PL: Well, I have this opportunity – actually one of the positive things I think I did for Chesapeake Schools was participated in the New Look of School Milk pilot back in 2001. When I came to the district that August the prior director had retired, and had agreed to participate in this pilot. So I continued on with that, and what it meant was we had some school that instead of milk being in paper cartons, which it’s been for ever since I can remember, it was in plastic jugs. And we added strawberry, which we’d only had chocolate as a flavor. And I have to tell you – and this probably I would say would be one of my significant accomplishments – is that I found a way to pay for those plastic jugs, because it was more expensive. But, I saw kids, particularly middle and high school kids that may not be drinking milk pick milk up, and I had a high school that went from ordering 350 milk a day to over 700 milk a day, and that’s good for kids. And not only were they taking one jug with their lunch, they would buy another jug to drink. It was more expensive, and a lot of school districts haven’t found a way to pay for that, but I did because I saw that it was good for kids. And with the proliferation of beverage choices for kids and all of the advertisement and all of the things that are out there that kids hear about food and beverages, that this was an opportunity to try to gain them back, particularly at lunch, and breakfast of course. So I believe that my predecessor now had been gone almost five years, Joanne Kinsey followed me in the position, and I think she’s still serving milk in plastic bottles. We saw in the study that milk participation went up as high as over thirty percent, particularly in the secondary schools. Elementary kids are still kind of milk drinkers, although we have a lot of the allergies and some of the other things that seem to be in the forefront, that we didn’t used to have to deal with early on. And so the opportunity to provide a product that kids are used to seeing in a package they’re used to seeing it in – it was a great opportunity. So, I started with nine schools in the pilot, and then the next year I offered it in all my middle and high schools, and then finally got it down to all the elementary schools. So all the forty-something schools had it.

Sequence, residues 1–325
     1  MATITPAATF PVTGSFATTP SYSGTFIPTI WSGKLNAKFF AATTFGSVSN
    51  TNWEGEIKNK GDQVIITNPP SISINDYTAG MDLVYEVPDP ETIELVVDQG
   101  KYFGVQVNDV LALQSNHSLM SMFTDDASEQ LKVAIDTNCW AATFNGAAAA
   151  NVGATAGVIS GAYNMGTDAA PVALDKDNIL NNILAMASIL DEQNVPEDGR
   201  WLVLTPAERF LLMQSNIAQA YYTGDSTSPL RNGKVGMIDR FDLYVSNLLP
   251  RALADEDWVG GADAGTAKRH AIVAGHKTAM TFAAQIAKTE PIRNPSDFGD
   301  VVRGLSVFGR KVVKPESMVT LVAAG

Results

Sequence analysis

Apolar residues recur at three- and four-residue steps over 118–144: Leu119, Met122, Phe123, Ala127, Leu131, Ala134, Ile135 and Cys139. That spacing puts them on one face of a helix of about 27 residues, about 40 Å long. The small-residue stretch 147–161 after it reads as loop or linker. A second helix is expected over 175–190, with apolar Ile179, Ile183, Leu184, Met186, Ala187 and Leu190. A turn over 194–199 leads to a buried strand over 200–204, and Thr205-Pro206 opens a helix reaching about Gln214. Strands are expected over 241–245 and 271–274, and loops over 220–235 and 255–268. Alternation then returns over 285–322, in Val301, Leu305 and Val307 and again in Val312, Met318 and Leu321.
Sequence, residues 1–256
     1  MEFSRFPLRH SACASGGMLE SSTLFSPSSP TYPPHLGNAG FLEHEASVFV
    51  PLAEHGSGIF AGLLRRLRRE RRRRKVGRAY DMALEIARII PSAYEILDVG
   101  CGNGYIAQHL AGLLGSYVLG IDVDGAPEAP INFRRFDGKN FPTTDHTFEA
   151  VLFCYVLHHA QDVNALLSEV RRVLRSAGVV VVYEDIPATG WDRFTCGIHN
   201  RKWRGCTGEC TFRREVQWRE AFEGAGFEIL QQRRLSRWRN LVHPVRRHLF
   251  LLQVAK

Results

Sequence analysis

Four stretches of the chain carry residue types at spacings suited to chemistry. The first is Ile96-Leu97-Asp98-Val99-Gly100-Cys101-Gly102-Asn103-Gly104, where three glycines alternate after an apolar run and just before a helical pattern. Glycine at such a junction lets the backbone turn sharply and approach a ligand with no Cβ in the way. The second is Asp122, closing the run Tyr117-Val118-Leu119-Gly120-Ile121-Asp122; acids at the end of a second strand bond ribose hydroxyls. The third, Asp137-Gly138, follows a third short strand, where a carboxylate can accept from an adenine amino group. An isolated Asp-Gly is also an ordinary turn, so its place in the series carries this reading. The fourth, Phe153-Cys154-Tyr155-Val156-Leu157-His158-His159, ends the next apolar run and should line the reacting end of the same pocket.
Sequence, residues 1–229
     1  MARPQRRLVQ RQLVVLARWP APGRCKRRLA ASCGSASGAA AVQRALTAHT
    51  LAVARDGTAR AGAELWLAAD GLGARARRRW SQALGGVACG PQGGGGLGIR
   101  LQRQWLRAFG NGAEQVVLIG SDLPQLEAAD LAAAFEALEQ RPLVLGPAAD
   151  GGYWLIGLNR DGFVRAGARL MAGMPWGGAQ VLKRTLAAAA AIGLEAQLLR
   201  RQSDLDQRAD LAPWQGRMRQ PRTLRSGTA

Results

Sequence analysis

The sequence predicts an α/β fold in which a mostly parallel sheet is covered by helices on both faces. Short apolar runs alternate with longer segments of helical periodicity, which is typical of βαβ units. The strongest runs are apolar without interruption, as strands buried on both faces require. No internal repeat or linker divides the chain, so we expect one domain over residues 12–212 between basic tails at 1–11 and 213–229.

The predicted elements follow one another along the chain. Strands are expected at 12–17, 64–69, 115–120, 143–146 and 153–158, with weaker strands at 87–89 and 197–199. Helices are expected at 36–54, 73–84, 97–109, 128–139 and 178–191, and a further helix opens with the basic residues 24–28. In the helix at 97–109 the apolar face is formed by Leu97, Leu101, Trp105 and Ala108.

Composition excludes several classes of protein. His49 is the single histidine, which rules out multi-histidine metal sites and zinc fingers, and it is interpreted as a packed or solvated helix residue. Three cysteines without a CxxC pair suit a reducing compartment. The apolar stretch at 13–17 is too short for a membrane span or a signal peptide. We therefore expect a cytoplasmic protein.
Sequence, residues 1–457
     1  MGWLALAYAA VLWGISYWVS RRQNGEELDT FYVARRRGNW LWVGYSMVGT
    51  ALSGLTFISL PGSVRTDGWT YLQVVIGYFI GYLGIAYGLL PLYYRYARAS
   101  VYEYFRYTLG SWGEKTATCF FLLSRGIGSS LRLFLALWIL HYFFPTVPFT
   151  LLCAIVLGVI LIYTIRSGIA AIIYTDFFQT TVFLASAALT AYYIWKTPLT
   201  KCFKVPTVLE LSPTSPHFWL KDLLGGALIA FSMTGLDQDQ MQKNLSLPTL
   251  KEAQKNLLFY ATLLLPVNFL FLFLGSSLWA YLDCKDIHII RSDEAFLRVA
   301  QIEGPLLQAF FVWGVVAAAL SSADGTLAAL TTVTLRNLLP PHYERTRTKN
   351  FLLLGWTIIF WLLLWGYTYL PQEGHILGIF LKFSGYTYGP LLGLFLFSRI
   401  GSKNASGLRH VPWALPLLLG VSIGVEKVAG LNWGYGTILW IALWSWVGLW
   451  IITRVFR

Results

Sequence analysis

JB: Wonderful.

PL: So, what happened was, because I was a strong supporter and believed in it, because I saw myself the difference it made with kids, a position came open with the National Dairy Council about the time I was eligible to retire. In Virginia you can retire if you are fifty years of age and you have thirty years of service you can retire without any penalties, and so this position came open and I applied for it and I got it, and I’ve enjoyed working because I’m still in the school market. I’m working on school projects. Right now we have a program that’s very well received in the schools called Fuel Up To Play Sixty. We’re the Fuel part – food, milk, dairy products – Play Sixty is we’re in partnership with the NFL. They’re the Play Sixty program, the activity. So we have healthy eating, physical activity. And so we offer this program to schools with grants and other support to make it work. And it’s really student-driven. It’s about having a wellness champion in the building, whether it be the school nurse, or the PE teacher, or the principal, or the school nutrition manager, they can sign up to be the advisor and have a core group of students that help make decisions about what they can do to make the school a better environment.